By April 7, 2008 Read More →

Hellenism 332-167, Teddy Kollek and Moshe Pearlman, Jerusalem: Sacred City of Mankind, Steimatzky Ltd., Jerusalem, 1991.

Ptolemy IIThere are almost no written records enabling us to reconstruct the history of Jerusalem for the next hundred years, up to the fall of the Persian Empire before the youthful wonder king of Macedonia, Alexander the Great, in the year 332 BC. What is known however is that Jerusalem was now the capital of a considerably truncated Judah, the Jewish region within the larger Persian satrapy (colonial province) called Abar-Naharah (Aramaic for “beyond the river”). It appears to have experienced rather less turbulence than the previous years, and from the prophet Joel we get a picture at the beginning of the fourth century of a pastoral and God-fearing people. Beyond the city walls, Jewish farmers tend their olive groves, vineyards and cornfields. Above the Temple Mount rises the smoke of sacrifice. And at the great annual festivals come the murmur of the throngs at prayer in the Temple courts and the shout of their responses.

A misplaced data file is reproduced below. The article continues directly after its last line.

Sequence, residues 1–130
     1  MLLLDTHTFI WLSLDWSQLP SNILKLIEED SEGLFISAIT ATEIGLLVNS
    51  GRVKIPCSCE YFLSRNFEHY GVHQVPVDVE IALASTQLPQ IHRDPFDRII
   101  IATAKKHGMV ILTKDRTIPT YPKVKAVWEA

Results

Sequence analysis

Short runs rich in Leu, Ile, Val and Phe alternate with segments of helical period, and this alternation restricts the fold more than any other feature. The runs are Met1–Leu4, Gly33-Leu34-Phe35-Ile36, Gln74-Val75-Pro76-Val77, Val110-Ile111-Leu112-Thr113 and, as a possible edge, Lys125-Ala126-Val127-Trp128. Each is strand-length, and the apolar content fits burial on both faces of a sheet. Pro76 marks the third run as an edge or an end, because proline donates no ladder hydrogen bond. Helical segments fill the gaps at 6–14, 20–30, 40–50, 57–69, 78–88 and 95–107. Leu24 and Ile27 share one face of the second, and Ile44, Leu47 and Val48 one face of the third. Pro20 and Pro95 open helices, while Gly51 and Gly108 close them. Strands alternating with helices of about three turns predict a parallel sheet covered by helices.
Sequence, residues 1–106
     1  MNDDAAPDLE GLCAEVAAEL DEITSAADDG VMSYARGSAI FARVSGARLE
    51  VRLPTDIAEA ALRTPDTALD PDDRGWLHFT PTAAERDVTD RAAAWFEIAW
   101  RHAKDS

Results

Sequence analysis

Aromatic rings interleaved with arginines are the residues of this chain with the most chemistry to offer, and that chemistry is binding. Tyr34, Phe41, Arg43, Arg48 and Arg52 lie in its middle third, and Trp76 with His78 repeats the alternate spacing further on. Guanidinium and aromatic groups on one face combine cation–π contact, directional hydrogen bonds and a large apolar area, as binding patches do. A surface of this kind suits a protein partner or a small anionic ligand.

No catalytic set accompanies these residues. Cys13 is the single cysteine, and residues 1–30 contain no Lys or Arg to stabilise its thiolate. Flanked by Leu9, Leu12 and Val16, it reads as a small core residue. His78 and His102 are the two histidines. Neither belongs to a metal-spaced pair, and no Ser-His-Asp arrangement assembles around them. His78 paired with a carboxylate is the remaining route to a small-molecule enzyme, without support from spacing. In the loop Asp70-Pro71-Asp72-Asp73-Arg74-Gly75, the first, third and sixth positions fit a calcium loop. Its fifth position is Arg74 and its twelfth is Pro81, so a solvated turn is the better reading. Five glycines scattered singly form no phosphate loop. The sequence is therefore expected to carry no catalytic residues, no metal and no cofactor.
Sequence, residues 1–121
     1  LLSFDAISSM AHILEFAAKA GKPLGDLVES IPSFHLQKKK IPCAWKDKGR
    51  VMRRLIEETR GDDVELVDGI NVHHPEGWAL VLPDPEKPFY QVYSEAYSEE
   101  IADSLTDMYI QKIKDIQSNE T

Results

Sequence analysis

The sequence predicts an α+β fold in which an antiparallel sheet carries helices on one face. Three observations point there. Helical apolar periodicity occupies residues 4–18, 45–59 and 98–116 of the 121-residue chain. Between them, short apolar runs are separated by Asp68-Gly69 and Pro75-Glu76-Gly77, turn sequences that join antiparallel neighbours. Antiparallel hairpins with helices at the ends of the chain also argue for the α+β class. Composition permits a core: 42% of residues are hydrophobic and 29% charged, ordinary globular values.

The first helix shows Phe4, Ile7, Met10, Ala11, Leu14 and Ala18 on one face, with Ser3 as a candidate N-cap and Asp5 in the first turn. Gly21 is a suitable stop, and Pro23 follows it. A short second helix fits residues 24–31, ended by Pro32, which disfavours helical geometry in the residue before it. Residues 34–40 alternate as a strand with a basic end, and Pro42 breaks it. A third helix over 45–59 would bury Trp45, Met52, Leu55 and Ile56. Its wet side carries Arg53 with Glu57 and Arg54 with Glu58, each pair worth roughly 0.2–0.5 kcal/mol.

From the history of the area we know that at this time the influences of the Greeks, great seafarers and traders, was making itself felt in the Middle East, and Judah could not have been immune. This Hellenistic influence was given wings by the phenomenal military successes of Alexander, who had conquered western Asia, including India, before he died in 323 BC at the age of thirty-two.

Alexander left Jerusalem untouched, but with his death came the disintegration of his newly-won empire, his generals quarrelling among themselves. Two of them vied with each other for the control of, among other areas, the land of Judah. The two were Ptolemy, who had seized Egypt and set up his capital in newly established Alexandria, and Seleucus, who after some years had become master in the north, with capitals in Antioch in Syria and Seleucia in Babylonia. After a series of battles fought between former comrades-in-arms, Ptolemy won, and for the next century Jerusalem came under the authority of his dynasty.

Posted in: Persian Period

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